Rep. John Boozman (R-Ark.) said “we need a national dialogue about how we make Social Security solvent” – but he wouldn’t touch Boehner’s words, saying he hadn’t read them and wasn’t familiar with the context.

“When you look at the fact that we’re blessed that we’re living so much longer with fewer workers, because of those kind of things, I believe it’s going to take the president, both houses of Congress, the American people buying whatever we do,” Boozman said Tuesday.

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Beware The Zombie Curmudgeon Who Talks Of Lesser People

Jane Hamsher at Firedoglake:

Each time the Catfood Commission holds its secret meetings, Alex Lawson of Social Security Works has been outside with his camera, shooting video of the closed front door as FDL runs a live stream on our front page. The Washington Post wrote it up recently.  As committee members go in and out of the room Alex asks them questions when he can, and yesterday he had an exchange with Alan Simpson that was…well, extraordinary.

Simpson is apparently a graduate of the Bobby Etheridge school of charm. Alex Lawson was incredibly respectful and polite as the crankly Simpson berated, interrupted and cussed him. Simpson has been a long-time supporter of rolling back the New Deal, and when asked about cuts he would recommend to the President and Congress on CNBC, Simpson said  “We are going to stick to the big three,” meaning Social Security, Medicare and Medicaid.  His sentiments haven’t changed.

CJR’s Trudy Lieberman recently ran down Simpson’s history of delicate statements on the subject of Social Security.   He is equally decorous on camera with Alex, who clearly knows a great deal more about the subject than he does.  Simpson starts from the premise that the Treasury will default on the bonds issued to the Social Security trust fund, because all the best people apparently know that it’s better to default on America’s senior citizens and plunge them into poverty than it is to default on, say, the Chinese.

Despite Simpson’s assertions, raising the retirement age to 70 IS a benefit cut.  It would put an estimated 1.5 million  senior citizens into poverty. After two years of watching billions of dollars in taxpayer money being paid out to Wall Street CEOs in lavish bonuses while the White House breaks every promise they’ve made to rein them in, that takes a fat load of nerve.

The commission is also looking into cutting Medicare benefits, because the deal guaranteeing no-bid Medicare contracts to the pharmaceutical industry by both Republicans and Democrats can’t possibly be abrogated.  The committee claims it’s independent, but it’s not THAT independent.  So, old people, too bad for you.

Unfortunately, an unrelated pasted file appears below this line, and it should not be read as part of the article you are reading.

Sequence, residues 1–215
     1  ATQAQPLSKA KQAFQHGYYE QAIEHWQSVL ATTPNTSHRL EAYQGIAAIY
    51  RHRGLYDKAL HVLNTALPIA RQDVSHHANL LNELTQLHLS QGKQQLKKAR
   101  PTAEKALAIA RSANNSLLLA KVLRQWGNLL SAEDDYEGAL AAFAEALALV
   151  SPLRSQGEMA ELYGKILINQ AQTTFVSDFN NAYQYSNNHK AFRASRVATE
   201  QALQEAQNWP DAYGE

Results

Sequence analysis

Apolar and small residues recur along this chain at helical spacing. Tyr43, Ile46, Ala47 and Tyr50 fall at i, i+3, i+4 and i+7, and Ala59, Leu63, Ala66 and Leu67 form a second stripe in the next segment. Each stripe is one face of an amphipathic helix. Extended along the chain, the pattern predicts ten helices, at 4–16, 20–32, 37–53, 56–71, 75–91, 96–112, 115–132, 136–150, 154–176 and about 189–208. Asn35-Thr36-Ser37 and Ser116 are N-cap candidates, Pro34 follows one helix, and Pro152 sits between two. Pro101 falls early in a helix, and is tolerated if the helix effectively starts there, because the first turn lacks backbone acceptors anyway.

Erskine Bowles has returned to run the same play he ran during the Clinton administration, when he negotiated the secret deal between Bill Clinton and Newt Gingrich to cut Social Security benefits.  Despite warnings from both John Boehner and John Conyers that the commission will report its recommendations to a lame duck Congress who could pass it before the end of the term.  Both Harry Reid and Nancy Pelosi have promised to bring the commission’s proposals up for votes.

In the absence of any transparency coming from the committee about what transpires in its secret meetings, Simpson’s comments to Alex are the best insight we have into what is being discussed there.

Bottom line:  bon apetite, Grandma!

ALAN SIMPSON:  We’re really working on solvency… the key is solvency

ALEX LAWSON: What about adequacy? Are you focusing on adequacy as well?

SIMPSON: Where do you come up with all the crap you come up with?

SIMPSON:  We’re trying to take care of the lesser people in society and do that in a way without getting into all the flash words you love dig up, like cutting Social Security, which is bullshit. We’re not cutting anything, we’re trying to make it solvent.

SIMPSON:  It’ll go broke in the year 2037.

LAWSON:  What do you mean by ‘broke’? Do you mean the surplus will go out and then it will only be able to pay 75% of its benefits?

SIMPSON:  Just listen, will you listen to me instead of babbling?   In the year 2037, instead of getting 100% of your check, you are going to get about 75% of your check. That’s if you touch nothing. If you like that, fine. You’ll be picking with the chickens yourself when you’re 65.

So we want to take care, we’re not cutting, we’re not balancing the budget on the backs of senior citizens. That’s bullshit. So you’ve got that one down. So as long as you’ve got those two things down, you can’t play with anymore, that we’re not balancing the budget of the United States on the backs of poor old seniors and we’re not cutting anything, we’re stabilizing the system.